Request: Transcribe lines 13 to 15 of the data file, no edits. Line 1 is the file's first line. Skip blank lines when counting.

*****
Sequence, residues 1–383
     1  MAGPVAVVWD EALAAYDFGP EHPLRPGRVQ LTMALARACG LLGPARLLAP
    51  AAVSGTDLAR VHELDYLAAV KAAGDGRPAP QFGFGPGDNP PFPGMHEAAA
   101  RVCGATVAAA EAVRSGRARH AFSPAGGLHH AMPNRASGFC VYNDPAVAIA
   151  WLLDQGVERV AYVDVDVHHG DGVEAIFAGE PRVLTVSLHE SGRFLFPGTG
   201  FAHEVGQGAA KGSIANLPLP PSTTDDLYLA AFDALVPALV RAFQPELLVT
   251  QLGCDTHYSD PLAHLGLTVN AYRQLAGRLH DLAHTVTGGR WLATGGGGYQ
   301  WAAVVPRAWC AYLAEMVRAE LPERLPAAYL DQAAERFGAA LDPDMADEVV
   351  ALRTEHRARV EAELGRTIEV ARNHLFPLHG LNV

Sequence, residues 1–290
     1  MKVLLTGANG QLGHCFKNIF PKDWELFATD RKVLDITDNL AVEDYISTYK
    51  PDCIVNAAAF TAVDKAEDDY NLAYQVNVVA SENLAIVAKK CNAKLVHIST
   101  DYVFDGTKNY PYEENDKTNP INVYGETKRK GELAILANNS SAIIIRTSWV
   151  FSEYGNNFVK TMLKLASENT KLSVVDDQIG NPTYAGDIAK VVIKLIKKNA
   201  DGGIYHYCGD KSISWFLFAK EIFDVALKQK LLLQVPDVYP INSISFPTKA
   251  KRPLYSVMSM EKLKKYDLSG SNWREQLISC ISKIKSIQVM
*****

   101  DYVFDGTKNY PYEENDKTNP INVYGETKRK GELAILANNS SAIIIRTSWV
   151  FSEYGNNFVK TMLKLASENT KLSVVDDQIG NPTYAGDIAK VVIKLIKKNA
   201  DGGIYHYCGD KSISWFLFAK EIFDVALKQK LLLQVPDVYP INSISFPTKA